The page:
A conference for which the Pontifical Council for Justice and Peace was one of the co-sponsors met in the Vatican on 11-13 April. Participants affirmed a statement calling for the Catholic Church to “re-commit to the centrality of Gospel Non-violence” and asking for Pope Francis “to share with the world an encyclical on nonviolence and Just Peace.” Some of the more important paragraphs:

        The time has come for our Church to be a living witness and to invest far greater human and financial resources in promoting a spirituality and practice of active nonviolence and in forming and training our Catholic communities in effective nonviolent practices. ...
        Clearly, the Word of God, the witness of Jesus, should never be used to justify violence, injustice or war. We confess that the people of God have betrayed this central message of the Gospel many times, participating in wars, persecution, oppression, exploitation, and discrimination.
        We believe that there is no “just war”. Too often the “just war theory” has been used to endorse rather than prevent or limit war. Suggesting that a “just war” is possible also undermines the moral imperative to develop tools and capacities for nonviolent transformation of conflict. ...
        We propose that the Catholic Church develop and consider shifting to a Just Peace approach based on Gospel nonviolence. A Just Peace approach offers a vision and an ethic to build peace as well as to prevent, defuse, and to heal the damage of violent conflict. This ethic includes a commitment to human dignity and thriving relationships, with specific criteria, virtues, and practices to guide our actions. We recognize that peace requires justice and justice requires peacemaking.

    The statement put me in mind of a dialogue on just war and pacifism that was held in Washington, D. C., in January 1973.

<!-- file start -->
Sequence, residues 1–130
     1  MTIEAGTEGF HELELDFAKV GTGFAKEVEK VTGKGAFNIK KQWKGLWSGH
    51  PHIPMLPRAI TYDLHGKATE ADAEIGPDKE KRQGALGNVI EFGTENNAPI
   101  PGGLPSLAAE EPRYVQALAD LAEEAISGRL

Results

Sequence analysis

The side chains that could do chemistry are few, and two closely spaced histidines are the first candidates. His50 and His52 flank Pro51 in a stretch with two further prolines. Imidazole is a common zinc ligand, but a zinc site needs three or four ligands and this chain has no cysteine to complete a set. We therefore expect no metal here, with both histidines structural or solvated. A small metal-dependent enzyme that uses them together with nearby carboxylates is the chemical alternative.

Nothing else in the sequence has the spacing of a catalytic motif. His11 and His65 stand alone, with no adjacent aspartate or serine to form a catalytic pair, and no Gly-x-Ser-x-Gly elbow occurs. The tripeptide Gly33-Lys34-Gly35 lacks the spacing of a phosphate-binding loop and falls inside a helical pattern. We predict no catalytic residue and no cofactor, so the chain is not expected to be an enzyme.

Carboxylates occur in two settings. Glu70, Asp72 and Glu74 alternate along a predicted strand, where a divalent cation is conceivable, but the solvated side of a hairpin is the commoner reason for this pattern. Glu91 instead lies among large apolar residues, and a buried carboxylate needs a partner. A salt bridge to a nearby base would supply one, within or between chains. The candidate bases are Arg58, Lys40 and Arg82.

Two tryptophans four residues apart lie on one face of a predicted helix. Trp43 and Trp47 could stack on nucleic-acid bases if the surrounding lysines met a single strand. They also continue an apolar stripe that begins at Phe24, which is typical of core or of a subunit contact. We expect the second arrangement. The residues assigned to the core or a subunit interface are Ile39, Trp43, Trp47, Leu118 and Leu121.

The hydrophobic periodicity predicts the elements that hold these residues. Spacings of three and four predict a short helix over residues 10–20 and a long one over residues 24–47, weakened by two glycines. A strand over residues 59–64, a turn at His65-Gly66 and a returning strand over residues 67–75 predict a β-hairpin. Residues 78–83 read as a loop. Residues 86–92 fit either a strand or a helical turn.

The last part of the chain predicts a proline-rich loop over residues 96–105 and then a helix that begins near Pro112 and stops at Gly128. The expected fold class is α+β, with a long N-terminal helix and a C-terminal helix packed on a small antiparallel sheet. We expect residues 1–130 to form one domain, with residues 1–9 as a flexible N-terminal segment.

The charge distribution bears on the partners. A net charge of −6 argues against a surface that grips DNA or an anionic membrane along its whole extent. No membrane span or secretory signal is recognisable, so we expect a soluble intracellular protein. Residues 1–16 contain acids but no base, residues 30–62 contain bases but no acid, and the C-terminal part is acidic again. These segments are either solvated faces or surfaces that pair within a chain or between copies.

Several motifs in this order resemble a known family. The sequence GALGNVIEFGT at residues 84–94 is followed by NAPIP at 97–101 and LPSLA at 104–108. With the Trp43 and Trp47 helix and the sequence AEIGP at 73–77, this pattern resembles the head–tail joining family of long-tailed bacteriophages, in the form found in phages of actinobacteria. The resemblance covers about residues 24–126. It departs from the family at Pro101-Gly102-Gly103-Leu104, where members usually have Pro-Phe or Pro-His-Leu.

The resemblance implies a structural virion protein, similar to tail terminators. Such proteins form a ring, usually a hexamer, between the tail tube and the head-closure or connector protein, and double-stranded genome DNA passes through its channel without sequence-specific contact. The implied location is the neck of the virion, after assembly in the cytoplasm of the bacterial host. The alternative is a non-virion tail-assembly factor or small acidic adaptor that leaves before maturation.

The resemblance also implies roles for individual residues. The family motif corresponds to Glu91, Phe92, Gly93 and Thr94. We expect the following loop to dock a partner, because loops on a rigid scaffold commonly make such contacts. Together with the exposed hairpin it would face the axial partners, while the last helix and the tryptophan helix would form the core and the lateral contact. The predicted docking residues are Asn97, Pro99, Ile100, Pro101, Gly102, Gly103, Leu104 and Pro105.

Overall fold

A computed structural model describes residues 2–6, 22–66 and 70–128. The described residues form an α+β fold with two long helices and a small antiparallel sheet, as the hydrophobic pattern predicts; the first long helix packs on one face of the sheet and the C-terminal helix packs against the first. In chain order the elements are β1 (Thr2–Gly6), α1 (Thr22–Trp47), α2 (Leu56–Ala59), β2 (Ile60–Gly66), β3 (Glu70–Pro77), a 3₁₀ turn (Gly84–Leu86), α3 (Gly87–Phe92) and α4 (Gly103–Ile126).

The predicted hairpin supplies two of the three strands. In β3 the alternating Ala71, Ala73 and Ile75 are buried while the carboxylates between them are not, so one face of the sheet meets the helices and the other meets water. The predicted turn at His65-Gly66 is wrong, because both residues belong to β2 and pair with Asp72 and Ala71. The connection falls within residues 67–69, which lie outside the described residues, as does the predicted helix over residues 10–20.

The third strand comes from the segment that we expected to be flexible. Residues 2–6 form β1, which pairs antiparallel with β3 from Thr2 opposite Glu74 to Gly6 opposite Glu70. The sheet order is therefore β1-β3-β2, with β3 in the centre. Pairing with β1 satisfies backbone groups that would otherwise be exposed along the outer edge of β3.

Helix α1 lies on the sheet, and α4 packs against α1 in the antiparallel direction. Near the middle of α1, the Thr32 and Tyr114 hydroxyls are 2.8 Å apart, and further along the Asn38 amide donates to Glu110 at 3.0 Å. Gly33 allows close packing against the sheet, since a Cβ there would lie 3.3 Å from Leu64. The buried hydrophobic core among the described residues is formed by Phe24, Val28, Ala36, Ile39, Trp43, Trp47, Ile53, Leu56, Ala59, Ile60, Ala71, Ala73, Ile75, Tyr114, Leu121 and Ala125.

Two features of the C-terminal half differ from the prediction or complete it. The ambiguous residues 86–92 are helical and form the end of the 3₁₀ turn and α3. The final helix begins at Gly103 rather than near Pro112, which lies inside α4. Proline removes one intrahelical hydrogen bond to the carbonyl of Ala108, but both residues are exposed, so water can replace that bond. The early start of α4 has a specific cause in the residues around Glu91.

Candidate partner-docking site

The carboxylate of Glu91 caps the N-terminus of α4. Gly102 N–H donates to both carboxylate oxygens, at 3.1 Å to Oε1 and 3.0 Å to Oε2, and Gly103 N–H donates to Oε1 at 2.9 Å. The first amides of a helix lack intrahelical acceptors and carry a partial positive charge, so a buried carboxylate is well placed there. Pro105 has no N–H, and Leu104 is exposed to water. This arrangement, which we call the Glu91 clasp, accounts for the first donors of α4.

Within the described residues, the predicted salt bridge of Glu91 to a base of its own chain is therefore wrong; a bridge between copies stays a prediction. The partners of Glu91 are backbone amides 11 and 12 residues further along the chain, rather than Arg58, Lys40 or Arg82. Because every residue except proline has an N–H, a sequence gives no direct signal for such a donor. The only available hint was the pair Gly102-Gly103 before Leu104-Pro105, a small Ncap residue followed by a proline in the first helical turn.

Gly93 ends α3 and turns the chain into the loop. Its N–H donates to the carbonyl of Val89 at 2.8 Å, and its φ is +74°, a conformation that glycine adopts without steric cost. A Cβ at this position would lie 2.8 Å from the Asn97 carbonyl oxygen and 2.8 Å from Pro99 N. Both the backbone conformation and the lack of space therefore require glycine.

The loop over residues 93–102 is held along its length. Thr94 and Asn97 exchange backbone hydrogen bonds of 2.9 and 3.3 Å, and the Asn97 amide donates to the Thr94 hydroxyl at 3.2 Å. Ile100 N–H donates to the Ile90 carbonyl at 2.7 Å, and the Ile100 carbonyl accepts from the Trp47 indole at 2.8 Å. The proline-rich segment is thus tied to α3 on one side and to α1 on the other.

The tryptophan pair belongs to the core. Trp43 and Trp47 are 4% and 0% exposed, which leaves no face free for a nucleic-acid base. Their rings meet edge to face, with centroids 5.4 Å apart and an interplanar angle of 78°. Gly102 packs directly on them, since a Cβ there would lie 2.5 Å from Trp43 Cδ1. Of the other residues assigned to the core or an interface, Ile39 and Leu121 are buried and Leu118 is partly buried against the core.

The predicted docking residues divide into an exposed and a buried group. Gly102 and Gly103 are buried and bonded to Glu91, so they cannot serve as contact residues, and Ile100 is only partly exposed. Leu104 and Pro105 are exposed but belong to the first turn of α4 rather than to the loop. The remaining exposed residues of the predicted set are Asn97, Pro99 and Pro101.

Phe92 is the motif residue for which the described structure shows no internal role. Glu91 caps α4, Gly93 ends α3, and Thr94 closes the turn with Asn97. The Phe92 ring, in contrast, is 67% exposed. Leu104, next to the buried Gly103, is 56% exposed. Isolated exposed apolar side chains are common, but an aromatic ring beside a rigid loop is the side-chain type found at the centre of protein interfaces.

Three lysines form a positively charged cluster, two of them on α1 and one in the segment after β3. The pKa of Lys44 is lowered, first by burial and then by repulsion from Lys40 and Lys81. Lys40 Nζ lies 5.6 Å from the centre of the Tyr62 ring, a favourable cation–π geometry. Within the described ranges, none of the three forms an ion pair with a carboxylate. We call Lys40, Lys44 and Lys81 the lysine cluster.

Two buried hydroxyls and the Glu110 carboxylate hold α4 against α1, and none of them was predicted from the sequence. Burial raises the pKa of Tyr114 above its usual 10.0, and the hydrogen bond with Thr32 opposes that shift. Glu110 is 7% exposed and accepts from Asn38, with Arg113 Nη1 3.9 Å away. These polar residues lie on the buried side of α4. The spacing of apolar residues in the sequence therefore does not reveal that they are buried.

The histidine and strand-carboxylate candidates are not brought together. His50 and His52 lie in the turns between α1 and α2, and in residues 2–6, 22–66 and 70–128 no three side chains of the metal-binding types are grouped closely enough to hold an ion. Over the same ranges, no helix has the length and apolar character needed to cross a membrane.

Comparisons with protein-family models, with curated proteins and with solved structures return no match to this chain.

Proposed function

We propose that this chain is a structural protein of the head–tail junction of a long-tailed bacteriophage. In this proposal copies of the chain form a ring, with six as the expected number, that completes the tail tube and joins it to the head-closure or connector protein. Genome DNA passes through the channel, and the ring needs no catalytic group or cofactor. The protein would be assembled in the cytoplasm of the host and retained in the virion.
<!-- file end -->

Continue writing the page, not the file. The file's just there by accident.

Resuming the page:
The meeting was sponsored by the United States Catholic Conference in response to criticisms that “the Church in the United States is ‘departing from its historic teaching on war indulge sentiments of pacifism.'” Two committees engaged in the dialogue, one representing the just war tradition and chaired by General Thomas A. Lane, the other, chaired by Bishop John J. Dougherty and including Gordon Zahn, Brian Hehir, and myself, asking for room for a personal Catholic pacifism and defending a right to conscientious objection.

    The very civil conversation went into discussions of history, theology, and law, exploring, for example, the difference between pacifism as a personal conviction and choice and as a policy for states. Concluding statements reflecting on the dialogue were made. The Lane committee expressed disappointment that the dialogue “failed to define, clarify and reconcile differences,”  failed, too, “to bring the question of conscience in war into a balanced perspective as part of the whole of a citizen’s civic duty.” The Dougherty committee found agreement “that the just war teaching, in its presently developed form, remains the basic affirmation of the politico-strategic ethic of the Catholic Church,” but they also said they didn’t believe that “the use of the just war theory exhausts the options for a Catholic Christian faced with the decision to participate in a war.”  Clearly, the focus was on the question of conscientious objection, whether general or specific, and the debate was all the more important because it occurred in the midst of the Vietnam War. As I pointed out, draft boards were refusing to grant conscientious objection status to young Catholics objecting to that war in particular but not to war in general. (I had had personal experience of this as a young curate in Yonkers.)

    The discussion was recorded, edited, and published as “Just War and Pacifism: A Catholic dialogue” (Washington: USCC, 1973).

    These questions never go away. Participants in the recent Vatican conference included people from areas of the world that are plagued by violence and kinds of great and fatal injustice, particularly in Africa and the Middle East. That we need to encourage and to foster non-violent mentalities and behaviors I think is obvious, even a Gospel-mandate. But if physical force were needed to prevent Boko Haram from kidnapping and enslaving hundreds of girls, or to rescue them, if it were needed to prevent the inhuman atrocities being inflicted daily, I would not regard such intervention as unjust.

Rev. Joseph A. Komonchak, professor emeritus of the School of Theology and Religious Studies at the Catholic University of America, is a retired priest of the Archdiocese of New York.

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